Whren v. U.S.
1996 WL 305735 (1996)

Plainclothes officers in an unmarked car spotted a suspicious SUV with young black occupants and temporary tags. The vehicle remained at a stop sign for an unusually long time, during which the driver appeared to be looking into the passenger’s lap. When the officers made a U-turn in order to get a second look at the vehicle, it turned suddenly without signaling and reached an “unreasonable” speed. The officers caught up with the vehicle at a traffic light, and upon approaching the driver’s side door spotted two large bags of crack in plain view. The defendants were convicted and appealed claiming that the officers’ decision to stop them was motivated by an unsupported belief that they were involved in drug dealing, rather than by a desire to warn them about traffic laws.

The Supreme Court upheld the conviction, finding that for any seizure officers need only cite valid probable cause for any offense. The ruling rejected the defendants’ argument that, because the officers’ decision to stop them was motivated by an unsubstantiated suspicion of drug dealing and not a genuine concern regarding the manner in which the vehicle was being operated, the seizure was illegal under the Fourth Amendment. In addressing the defendants’ argument that racial profiling is encouraged when officers are allowed to pull over motorists for reasons other then the actual crime being investigated, the Court argued that “there is no realistic alternative” to the general principle that probable cause validates a seizure.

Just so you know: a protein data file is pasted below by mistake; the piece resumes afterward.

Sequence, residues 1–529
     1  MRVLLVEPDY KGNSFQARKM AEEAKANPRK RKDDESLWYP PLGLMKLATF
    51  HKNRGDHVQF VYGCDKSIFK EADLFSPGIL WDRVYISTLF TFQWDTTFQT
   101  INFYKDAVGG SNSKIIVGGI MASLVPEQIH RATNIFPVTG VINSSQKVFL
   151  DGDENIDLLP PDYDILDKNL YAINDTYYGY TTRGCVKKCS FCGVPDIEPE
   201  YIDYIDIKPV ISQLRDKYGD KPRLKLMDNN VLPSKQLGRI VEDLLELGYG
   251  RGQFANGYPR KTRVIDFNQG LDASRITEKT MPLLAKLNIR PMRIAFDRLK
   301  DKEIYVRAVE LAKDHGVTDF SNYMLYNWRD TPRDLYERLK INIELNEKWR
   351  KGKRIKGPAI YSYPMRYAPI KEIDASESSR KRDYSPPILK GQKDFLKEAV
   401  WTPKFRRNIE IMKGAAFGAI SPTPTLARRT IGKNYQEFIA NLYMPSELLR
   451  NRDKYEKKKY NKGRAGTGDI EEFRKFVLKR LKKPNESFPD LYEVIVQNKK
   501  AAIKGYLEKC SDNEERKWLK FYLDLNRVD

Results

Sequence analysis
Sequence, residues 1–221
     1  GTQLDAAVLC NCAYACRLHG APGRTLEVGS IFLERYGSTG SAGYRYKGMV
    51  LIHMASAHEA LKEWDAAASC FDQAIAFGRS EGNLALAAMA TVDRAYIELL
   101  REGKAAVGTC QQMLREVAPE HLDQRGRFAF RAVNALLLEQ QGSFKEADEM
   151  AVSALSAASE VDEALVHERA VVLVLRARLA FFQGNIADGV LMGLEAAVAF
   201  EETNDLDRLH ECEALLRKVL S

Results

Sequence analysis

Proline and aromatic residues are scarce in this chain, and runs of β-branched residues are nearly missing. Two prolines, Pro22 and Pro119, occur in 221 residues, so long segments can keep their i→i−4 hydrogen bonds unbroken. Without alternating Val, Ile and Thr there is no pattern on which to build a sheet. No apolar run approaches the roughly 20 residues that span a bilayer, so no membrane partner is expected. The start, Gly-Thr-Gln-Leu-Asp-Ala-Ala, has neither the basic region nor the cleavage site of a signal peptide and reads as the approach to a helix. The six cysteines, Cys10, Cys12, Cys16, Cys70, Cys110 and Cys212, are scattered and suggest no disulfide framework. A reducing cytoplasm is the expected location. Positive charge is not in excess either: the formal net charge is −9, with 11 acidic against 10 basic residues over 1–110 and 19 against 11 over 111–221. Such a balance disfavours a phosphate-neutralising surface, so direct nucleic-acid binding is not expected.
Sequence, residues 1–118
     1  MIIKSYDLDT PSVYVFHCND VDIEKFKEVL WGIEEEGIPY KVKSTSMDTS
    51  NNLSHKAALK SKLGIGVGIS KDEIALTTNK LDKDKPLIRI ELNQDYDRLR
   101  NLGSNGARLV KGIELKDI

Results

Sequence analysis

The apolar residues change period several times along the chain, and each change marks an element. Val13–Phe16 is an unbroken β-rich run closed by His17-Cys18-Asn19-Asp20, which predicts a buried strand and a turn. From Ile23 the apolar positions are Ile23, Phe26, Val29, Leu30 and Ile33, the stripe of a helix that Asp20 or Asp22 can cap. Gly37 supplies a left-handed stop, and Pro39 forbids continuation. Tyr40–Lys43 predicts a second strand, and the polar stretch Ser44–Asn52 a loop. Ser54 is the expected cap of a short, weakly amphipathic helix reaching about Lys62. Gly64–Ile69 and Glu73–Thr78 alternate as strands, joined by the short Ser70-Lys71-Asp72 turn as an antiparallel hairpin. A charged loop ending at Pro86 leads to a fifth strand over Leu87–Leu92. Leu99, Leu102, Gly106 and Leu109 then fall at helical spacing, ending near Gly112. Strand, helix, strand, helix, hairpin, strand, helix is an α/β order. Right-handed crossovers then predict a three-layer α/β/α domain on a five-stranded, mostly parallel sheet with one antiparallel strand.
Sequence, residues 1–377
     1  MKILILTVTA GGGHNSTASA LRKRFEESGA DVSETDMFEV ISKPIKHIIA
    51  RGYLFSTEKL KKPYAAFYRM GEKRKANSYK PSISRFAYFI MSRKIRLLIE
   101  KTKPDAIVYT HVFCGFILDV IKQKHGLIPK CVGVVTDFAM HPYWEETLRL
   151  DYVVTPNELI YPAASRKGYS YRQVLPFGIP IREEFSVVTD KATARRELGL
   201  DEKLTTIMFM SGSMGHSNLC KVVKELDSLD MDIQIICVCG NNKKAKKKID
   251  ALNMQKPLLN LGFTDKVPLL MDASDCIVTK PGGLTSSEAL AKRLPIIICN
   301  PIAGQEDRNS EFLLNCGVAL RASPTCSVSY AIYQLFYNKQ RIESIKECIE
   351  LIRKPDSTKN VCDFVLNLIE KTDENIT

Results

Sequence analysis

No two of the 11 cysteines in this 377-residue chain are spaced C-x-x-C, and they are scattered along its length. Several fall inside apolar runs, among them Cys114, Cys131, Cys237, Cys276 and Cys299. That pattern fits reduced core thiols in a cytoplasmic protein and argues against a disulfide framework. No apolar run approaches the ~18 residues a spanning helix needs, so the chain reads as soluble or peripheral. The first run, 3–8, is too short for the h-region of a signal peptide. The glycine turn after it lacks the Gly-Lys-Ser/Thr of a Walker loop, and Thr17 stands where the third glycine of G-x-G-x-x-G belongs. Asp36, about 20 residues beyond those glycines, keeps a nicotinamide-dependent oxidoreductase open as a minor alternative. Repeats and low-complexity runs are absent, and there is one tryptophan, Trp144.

What you should know about pretext stops:

A “pretext stop” is a stop in which the officer detains the citizen for a minor crime (i.e. traffic offense) because the officer actually suspects the person of involvement in a major crime (i.e. drug possession). The ruling in Whren v. U.S. demonstrates how easy it is for officers to do this. Because there are numerous minor infractions for which police can legally pull over a vehicle, officers commonly stop motorists based on a hunch that something more serious is going on. Frequently, police officers use race, age, and appearance to decide who to pull over. Such profiling is unconstitutional, but nearly impossible to prove.

Therefore, the first defense against pretext stops is to avoid violating any traffic laws. This includes obeying speed limits and traffic signs, signaling properly before making turns, and keeping your car in working order. If the officer can’t form a convincing explanation for why you were pulled over, the seizure becomes illegal, and any evidence found during the traffic stop can’t be used in court. Of course, a legitimate traffic stop always remains a possibility, so it’s important to keep private items out of sight and to never consent to searches.